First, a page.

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Mega fund cautions against ‘false positives’ in analysis of geopolitics

By Rhea Nath
5 minute read

Some of Australia’s largest funds suggest that preparing for, rather than predicting, geopolitical events could be a more prudent approach in the new investment order.

Last month, the Australian sovereign wealth fund identified geopolitics as fundamental to a new investment paradigm, noting it has made the 60:40 portfolio largely redundant; however, for the Australian Retirement Trust (ART), geopolitics is an “interesting” consideration, one that it’s more inclined to prepare for than to predict.

The fund, which manages close to $300 billion in retirement savings for over 2.3 million members, has grappled with to what extent geopolitics should impact the design of its portfolios.

Speaking to InvestorDaily, ART’s head of investment strategy, Andrew Fisher, said: “I think, for us, it’s not been something that we’ve seen as an area of competitive edge, where we think we can systematically add value to the portfolio, by using geopolitical insights, to improve our portfolio design.


“What we have tended to do with geopolitical risk is, rather than trying to treat it as something that we can predict, [we’re] seeing it as something we can prepare for and then respond to if an event occurs.”

Fisher is particularly worried about “false positives”, which could negatively impact portfolios if pursued impulsively.

“There are a lot of stories, a lot of news, a lot of things that might happen, but there’s an enormous number of false positives. You’ve got to be careful not to react in a systematic way, because chances are, you are going to detriment portfolios by reacting to those false positives,” he said.

In its latest position paper, the Future Fund said geopolitics will profoundly impact financial markets, macroeconomics, and policy decisions. This, the fund said, is giving it cause to refresh how it invests to continue to achieve its investment purpose.

One of its primary strategies involves a renewed commitment to diversification across geographies and asset classes, driven by the shifting dynamics of high inflation and interest rates which have pushed the equity-bond correlation into more positive territory.

However, the sovereign wealth fund said that geopolitics is often a “misunderstood risk” and that effectively interpreting geopolitics while also managing a risk-seeking investment portfolio is “exceptionally challenging”.

At ART, an investment resilience and planning team is tasked with stress testing certain scenarios and jumping on opportunities arising from market uncertainty.

“It’s very hard to predict when a geopolitical event is going to happen and one of the things we try to do is, even when the scenario is being thought through, the first thing to work out is what is the actual economic impact that this geopolitical event might have. And if it doesn’t have a particularly sizable likely economic impact, it’s probably something we shouldn’t need to worry about too much,” Fisher said.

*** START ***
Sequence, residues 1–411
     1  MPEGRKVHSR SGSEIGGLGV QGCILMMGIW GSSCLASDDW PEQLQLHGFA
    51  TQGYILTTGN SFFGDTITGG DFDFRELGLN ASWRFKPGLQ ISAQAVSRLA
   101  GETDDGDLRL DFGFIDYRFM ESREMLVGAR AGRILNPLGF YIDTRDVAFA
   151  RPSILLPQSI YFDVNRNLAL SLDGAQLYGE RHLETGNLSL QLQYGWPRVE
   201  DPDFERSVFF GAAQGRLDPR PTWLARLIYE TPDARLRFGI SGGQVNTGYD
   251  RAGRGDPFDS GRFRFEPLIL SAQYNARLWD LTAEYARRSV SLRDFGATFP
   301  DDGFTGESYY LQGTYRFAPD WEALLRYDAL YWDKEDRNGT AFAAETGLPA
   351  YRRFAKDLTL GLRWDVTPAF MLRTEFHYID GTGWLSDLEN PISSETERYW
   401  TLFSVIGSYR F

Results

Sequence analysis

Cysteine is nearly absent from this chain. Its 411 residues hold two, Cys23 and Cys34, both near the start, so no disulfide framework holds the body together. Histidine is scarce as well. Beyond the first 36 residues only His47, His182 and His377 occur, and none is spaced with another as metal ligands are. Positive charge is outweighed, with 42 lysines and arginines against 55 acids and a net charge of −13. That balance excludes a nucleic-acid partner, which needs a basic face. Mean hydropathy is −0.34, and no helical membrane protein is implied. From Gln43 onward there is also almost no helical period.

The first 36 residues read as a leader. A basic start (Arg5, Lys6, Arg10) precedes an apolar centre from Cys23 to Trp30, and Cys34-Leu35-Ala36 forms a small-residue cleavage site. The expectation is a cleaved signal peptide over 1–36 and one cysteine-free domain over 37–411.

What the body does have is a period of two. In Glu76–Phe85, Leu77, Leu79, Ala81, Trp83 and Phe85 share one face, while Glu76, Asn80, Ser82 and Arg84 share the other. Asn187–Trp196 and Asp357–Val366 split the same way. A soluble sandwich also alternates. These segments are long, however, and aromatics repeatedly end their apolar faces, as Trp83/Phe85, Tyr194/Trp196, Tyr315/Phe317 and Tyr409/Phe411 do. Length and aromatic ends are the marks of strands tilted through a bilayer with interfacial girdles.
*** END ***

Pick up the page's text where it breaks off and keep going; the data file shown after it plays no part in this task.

“What we would then do is focus on looking for market overreaction, and perhaps taking opportunities to provide liquidity when markets overreact to things we don’t think are as big an issue.

“We do a lot of scenario and stress testing analysis, but really, we’re going to focus on – if this stress event were to happen – what would we do next, rather than how do we stop the stress event from hurting the portfolio.”

He added that while it’s “nearly impossible” to avoid a drawdown in a high growth portfolio, the best way the fund can enhance and deliver better outcomes is to be poised to provide liquidity to markets.

“For us, it’s thinking about making sure we have adequate liquidity across the portfolio, liquidity management is a very important part of that investment resilience and planning team focuses on,” Fisher said.

The investment executive observed that often, with a top-down strategy, individual assets “don’t always roll up to what you expected”, and it’s for the investment resilience and planning team to pinpoint the unintended risks and outcomes.

“When you’re building portfolios, you can’t sort of sit and say, ‘I’ve got this right’, always try and work out where things have changed, and things are always changing and how can you continuously improve the portfolio,” Fisher said.

For the $233 billion Future Fund, heightened risks have been a primary driver behind its shift away from the traditional 60:40 investment portfolio. Instead, one of its primary strategies has involved a renewed commitment to diversification across geographies and asset classes.

“Instead of relying solely on government bonds for that much-needed diversification – as per traditional portfolio construction – we are turning to more true diversifiers in our portfolio: exposures that come from non-directional alternative/hedge fund strategies such as equity market-neutral or systematic macro strategies, for example,” the sovereign wealth fund said.

Currently, its position includes owning gold and commodities, more domestic assets, and different currency and regional allocations.

“Geopolitics results from the nexus of geographic factors, policy decisions and cultural norms – the rules, risks and opportunities by which economies operate – and its impact on economies and financial markets has been a reality for investors for generations,” it said.

“We believe it is likely to remain so for generations to come.”